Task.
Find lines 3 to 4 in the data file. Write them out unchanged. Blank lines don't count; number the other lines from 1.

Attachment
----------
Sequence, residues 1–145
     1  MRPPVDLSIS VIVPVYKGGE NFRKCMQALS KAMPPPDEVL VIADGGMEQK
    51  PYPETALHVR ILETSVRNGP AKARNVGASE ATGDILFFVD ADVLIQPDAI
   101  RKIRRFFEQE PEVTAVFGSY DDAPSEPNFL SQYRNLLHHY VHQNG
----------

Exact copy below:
    51  PYPETALHVR ILETSVRNGP AKARNVGASE ATGDILFFVD ADVLIQPDAI
   101  RKIRRFFEQE PEVTAVFGSY DDAPSEPNFL SQYRNLLHHY VHQNG